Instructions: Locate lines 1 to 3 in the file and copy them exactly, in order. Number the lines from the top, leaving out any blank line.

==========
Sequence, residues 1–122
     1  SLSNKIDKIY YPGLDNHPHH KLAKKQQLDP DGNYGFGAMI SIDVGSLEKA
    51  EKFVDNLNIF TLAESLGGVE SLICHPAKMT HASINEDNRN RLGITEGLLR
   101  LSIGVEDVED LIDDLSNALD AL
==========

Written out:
Sequence, residues 1–122
     1  SLSNKIDKIY YPGLDNHPHH KLAKKQQLDP DGNYGFGAMI SIDVGSLEKA
    51  EKFVDNLNIF TLAESLGGVE SLICHPAKMT HASINEDNRN RLGITEGLLR